The fighting at Lexington and Concord didn’t happen because the British army came to collect taxes. It was gun control.

Of course, the government-run schools don’t teach this.

What finally forced the patriots into a shooting war with the British Army at Lexington and Concord on April 19, 1775 was not taxes or even warrantless searches of homes or occupation by soldiers, but one of many attempts by the British to disarm Americans as part of an overall gun control program.


By the fall of 1774 – in response to non-compliance with the Coercive Acts, which were in response to the Boston Tea Party, which was in response to the Tea Act, which was in response to, well, you get the idea –  it was “a long train of abuses and usurpations” – both Lord Dartmouth and General Gage were on board with a full-scale gun control and confiscation program for the colonies.

Gage felt that Dartmouth’s suggestion of “disarming the Inhabitants of the Massachusetts Bay, Connecticut and Rhode Island” was a fantastic idea, and was “consistent with Prudence and Safety.”

Fascinating how the gun grabbers always say that gun control is for “safety,” isn’t it?

The only major concern in 1774 that Gage had about this – was that doing such a massive job would require “a recourse to Force, and being Masters of the Country,” which Dartmouth wanted to avoid at that point.

Gage likely knew the resistance he’d face, because he saw it first hand.


On Sept 1, 1774, he sent a force of 250 Redcoats to conduct a seizure at the Charleston powder house, and a small detachment of troops went to Cambridge and seized two artillery pieces.

Word of the seizures and troop movements spread quickly – rumors started flying that shots were fired, and the navy was shelling Boston. Known today as the “Powder Alarm,” as many as 20,000 militia members responded to a call and started streaming toward Boston. Several thousand showed up in Cambridge and intimidated some Loyalists into fleeing.

So Gage understood that the Patriots meant business.

But he pressed on with his gun control and tried another approach – warrantless searches of people for arms and ammunition without any provocation. The policy drew fierce criticism from the colonists. In fact, the Boston Gazette wrote that of all General Gage‘s offenses, it was this one that outraged people the most.

Gage’s response to Dartmouth was read in the House of Commons and publicized in the Colonies. In the meantime, King George III issued a decree blocking the importation of arms and ammunition to America – without a permit.

And what a surprise. No one ever got a permit.

By mid-December, the gun control scheme was on full display for everyone to see. And in a preemptive move, Paul Revere was sent on another ride to warn the people of Portsmouth. There, hundreds conducted raids on Dec 14 and 15, under the leadership of John Langdon and John Sullivan, seizing gunpowder and artillery before the Redcoats could get them.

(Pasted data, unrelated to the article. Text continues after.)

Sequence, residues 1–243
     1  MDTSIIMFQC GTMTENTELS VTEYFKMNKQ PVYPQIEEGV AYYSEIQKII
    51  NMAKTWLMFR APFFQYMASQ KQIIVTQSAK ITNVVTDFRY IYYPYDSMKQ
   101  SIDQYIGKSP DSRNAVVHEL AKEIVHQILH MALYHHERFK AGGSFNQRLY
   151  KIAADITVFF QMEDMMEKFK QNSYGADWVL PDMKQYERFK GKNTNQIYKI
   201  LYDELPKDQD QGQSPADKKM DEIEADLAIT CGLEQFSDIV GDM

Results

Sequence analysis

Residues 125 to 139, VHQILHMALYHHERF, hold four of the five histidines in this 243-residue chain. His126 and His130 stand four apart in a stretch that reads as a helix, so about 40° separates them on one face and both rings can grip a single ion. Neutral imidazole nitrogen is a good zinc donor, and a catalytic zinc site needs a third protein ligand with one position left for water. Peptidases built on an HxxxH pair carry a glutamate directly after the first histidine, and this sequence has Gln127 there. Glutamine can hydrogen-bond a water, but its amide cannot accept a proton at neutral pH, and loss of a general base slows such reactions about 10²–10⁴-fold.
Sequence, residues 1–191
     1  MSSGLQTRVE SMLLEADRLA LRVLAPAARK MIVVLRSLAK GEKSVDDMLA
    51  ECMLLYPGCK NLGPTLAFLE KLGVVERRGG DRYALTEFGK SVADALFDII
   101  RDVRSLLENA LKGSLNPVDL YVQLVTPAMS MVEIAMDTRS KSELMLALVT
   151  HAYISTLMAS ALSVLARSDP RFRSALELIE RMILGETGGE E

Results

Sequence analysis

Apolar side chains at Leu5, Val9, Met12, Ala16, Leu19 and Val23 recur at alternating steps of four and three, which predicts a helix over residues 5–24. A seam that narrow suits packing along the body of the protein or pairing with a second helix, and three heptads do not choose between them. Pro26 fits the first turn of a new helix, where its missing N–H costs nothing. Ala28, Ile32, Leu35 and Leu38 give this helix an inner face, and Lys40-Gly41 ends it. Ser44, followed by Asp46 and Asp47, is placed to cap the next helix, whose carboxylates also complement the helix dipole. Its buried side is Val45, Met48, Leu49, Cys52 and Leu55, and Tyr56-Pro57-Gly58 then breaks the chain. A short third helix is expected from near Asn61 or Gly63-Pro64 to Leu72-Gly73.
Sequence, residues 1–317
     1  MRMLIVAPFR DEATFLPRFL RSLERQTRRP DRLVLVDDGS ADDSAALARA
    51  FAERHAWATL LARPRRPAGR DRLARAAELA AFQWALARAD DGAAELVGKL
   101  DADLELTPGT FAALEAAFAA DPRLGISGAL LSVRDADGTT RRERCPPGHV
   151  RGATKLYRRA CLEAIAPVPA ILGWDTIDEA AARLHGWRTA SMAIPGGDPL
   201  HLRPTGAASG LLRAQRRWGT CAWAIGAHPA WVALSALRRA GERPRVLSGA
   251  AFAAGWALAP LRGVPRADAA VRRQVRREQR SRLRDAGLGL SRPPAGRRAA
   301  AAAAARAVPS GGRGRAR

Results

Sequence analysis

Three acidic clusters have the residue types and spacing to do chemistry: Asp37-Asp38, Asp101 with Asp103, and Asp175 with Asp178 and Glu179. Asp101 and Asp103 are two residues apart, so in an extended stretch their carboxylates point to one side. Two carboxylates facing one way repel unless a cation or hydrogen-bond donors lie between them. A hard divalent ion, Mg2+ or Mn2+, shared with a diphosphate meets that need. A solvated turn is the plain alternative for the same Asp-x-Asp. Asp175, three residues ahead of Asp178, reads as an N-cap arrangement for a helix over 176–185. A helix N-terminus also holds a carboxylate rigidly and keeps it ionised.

An article in the New Hampshire Gazette and Historical Chronicle justified the seizure due to the import ban:

Could they [the Ministry] not have given up their Plan for enslaving America without seizing … all the Arms and Ammunition? and without soliciting and finally obtaining an Order to prohibit the Importation of warlike Stores in the Colonies? … And shall we like the Carthaginians, peaceably surrender our Arms to our Enemies, in Hopes of obtaining in Return the Liberties we have so long been contending for? 

I … hope that no Person will, at this important Crisis, be unprepared to act in his own Defence, should he by Necessity be driven thereto. And I must here beg Leave to recommend to the Confederation of the People of this Continent, Whether, when we are by an arbitrary Decree prohibited the having Arms and Ammunition by Importation, we have not by the Law of Self Preservation, a Right to seize upon all those within our Power, in order to defend the LIBERTIES which GOD and Nature have given us ?


Another letter from Dartmouth to Gage was received on April 14, urging the General to push harder with gun control. In it, he urged Gage to “Upon no account suffer the Inhabitants of at least the Town of Boston to assemble themselves in arms on any pretence whatever, either of town guard or Militia duty.”

Yet another letter to Gage was even more aggressive:

“all cannon, small arms, and other military stores of every kind, that may be either in any magazine, or secreted for the purpose of aiding the rebellion, should also be seized and secreted”

Gage acted promptly, and just 4 days later, issued orders that 700+ troops were to assemble during the night for a mission to seize arms stored by the colonial militia at Concord.

The rest, as they say, is history.  But the history we’re usually taught isn’t the truth – not even close. 

It bears repeating: The fighting at Lexington and Concord wasn’t because the British army came to collect taxes. It was because of gun control.

Michael Boldin

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